Brake Levers – Definition & Detailed Explanation – Bicycle Components Glossary

I. What are brake levers?

Brake levers are an essential component of a bicycle’s braking system. They are the part of the handlebars that the rider uses to activate the brakes, which in turn slow down or stop the bike. Brake levers are typically mounted on the handlebars near the grips, within easy reach of the rider’s hands. They are connected to the brake calipers or disc brakes via cables or hydraulic lines, depending on the type of braking system.

II. How do brake levers work?

When the rider squeezes the brake lever, it pulls on the cable or hydraulic line, which in turn applies pressure to the brake calipers or disc brakes. This pressure causes the brake pads to make contact with the wheel rim or rotor, creating friction that slows down or stops the bike. The amount of force applied to the brake lever determines how quickly the bike will come to a stop. Some brake levers also have adjustable reach, allowing riders to customize the distance between the lever and the handlebars to suit their hand size and riding preferences.

III. Types of brake levers

1. Cantilever brake levers: Cantilever brake levers are commonly found on older road bikes and mountain bikes. They are designed to work with cantilever brakes, which use a cable to pull the brake arms towards the wheel rim. Cantilever brake levers have a longer reach and a different cable pull ratio compared to other types of brake levers.

2. V-brake levers: V-brake levers are designed to work with V-brakes, which are a type of rim brake commonly found on mountain bikes and hybrid bikes. V-brake levers have a shorter reach and a different cable pull ratio compared to cantilever brake levers, making them incompatible with each other.

3. Disc brake levers: Disc brake levers are designed to work with disc brakes, which use a hydraulic system or a cable to actuate the brake calipers. Disc brake levers have a different shape and feel compared to rim brake levers, as they are optimized for the unique requirements of disc brake systems.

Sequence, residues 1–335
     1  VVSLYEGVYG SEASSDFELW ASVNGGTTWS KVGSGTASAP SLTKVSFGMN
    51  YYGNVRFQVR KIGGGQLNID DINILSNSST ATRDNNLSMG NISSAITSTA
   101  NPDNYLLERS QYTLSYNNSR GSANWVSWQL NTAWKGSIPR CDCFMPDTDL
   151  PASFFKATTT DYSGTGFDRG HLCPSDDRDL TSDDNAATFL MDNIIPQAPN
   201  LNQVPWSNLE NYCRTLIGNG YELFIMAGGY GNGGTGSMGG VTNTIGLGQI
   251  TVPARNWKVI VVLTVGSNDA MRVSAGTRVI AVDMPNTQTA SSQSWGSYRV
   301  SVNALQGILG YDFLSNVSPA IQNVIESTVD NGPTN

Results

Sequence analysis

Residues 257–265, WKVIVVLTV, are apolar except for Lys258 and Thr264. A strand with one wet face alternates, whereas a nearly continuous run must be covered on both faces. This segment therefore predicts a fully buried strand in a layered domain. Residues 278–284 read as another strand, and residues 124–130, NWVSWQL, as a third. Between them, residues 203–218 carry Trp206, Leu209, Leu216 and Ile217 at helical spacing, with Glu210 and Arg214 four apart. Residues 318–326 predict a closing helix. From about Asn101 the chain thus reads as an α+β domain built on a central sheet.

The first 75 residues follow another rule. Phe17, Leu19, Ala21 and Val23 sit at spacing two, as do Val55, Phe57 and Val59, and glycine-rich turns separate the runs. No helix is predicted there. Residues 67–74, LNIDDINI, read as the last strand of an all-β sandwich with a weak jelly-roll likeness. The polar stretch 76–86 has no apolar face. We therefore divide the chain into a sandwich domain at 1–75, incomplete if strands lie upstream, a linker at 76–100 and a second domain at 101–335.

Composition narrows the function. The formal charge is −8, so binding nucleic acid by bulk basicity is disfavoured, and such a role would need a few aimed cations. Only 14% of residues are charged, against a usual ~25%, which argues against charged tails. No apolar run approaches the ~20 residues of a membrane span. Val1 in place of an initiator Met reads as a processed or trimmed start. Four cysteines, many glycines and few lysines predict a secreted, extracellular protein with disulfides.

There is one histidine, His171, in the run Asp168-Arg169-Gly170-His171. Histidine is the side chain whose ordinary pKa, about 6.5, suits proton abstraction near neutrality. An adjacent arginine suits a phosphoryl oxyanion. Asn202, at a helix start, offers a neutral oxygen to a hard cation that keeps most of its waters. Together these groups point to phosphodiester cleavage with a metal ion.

4. Aero brake levers: Aero brake levers are designed for use on aerodynamic handlebars commonly found on time trial and triathlon bikes. They are integrated into the handlebars to reduce drag and improve aerodynamics. Aero brake levers often have a minimalist design and may offer limited adjustability compared to traditional brake levers.

IV. Factors to consider when choosing brake levers

1. Compatibility: When choosing brake levers, it is important to ensure that they are compatible with the type of brakes on your bike. Using the wrong type of brake levers can result in poor braking performance and potential safety hazards.

2. Reach and adjustability: Consider the reach and adjustability of the brake levers, as this can affect your comfort and control while riding. Adjustable reach levers allow you to customize the distance between the lever and the handlebars to suit your hand size and riding preferences.

3. Material and construction: Brake levers are typically made from aluminum, carbon fiber, or a combination of materials. Aluminum levers are durable and affordable, while carbon fiber levers are lightweight and offer improved vibration damping. Consider the material and construction of the brake levers based on your riding style and budget.

4. Ergonomics: Choose brake levers that feel comfortable and intuitive to use. Ergonomically designed levers can reduce hand fatigue and improve control while riding. Consider the shape, size, and texture of the brake levers to ensure a comfortable and secure grip.

V. Maintenance and care of brake levers

1. Regular inspection: Inspect the brake levers regularly for signs of wear, damage, or corrosion. Check the cables or hydraulic lines for fraying, kinks, or leaks, and ensure that the lever action is smooth and responsive.

2. Cleaning and lubrication: Clean the brake levers and cables regularly to remove dirt, grime, and debris that can affect their performance. Use a mild detergent and water to clean the levers, and apply a small amount of lubricant to the pivot points for smooth operation.

3. Adjustment and alignment: Periodically check the alignment and adjustment of the brake levers to ensure optimal braking performance. Adjust the reach, tension, and angle of the levers as needed to suit your riding preferences and hand size.

4. Professional servicing: If you are unsure about how to maintain or repair your brake levers, seek professional servicing from a qualified bike mechanic. They can inspect, adjust, and repair the brake levers to ensure safe and reliable braking performance.

In conclusion, brake levers are a critical component of a bicycle’s braking system that allows riders to control their speed and stop safely. By understanding how brake levers work, the different types available, factors to consider when choosing them, and how to properly maintain and care for them, cyclists can ensure optimal braking performance and safety while riding.